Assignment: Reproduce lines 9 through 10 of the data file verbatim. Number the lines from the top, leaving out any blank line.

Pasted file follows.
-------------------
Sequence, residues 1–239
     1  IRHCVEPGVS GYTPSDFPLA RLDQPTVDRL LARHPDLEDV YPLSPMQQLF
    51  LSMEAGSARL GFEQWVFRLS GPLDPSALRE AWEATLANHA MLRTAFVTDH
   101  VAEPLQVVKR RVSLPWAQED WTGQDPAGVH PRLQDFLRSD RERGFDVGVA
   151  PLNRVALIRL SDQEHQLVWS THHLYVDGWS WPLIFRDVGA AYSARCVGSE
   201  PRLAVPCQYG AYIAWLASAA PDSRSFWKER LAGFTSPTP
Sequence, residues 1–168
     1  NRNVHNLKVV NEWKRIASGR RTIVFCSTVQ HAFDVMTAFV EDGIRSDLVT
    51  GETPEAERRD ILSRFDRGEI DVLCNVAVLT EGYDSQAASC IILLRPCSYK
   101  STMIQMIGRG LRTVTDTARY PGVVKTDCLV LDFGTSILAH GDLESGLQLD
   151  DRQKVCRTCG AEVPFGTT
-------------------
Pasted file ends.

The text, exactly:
    51  GETPEAERRD ILSRFDRGEI DVLCNVAVLT EGYDSQAASC IILLRPCSYK
   101  STMIQMIGRG LRTVTDTARY PGVVKTDCLV LDFGTSILAH GDLESGLQLD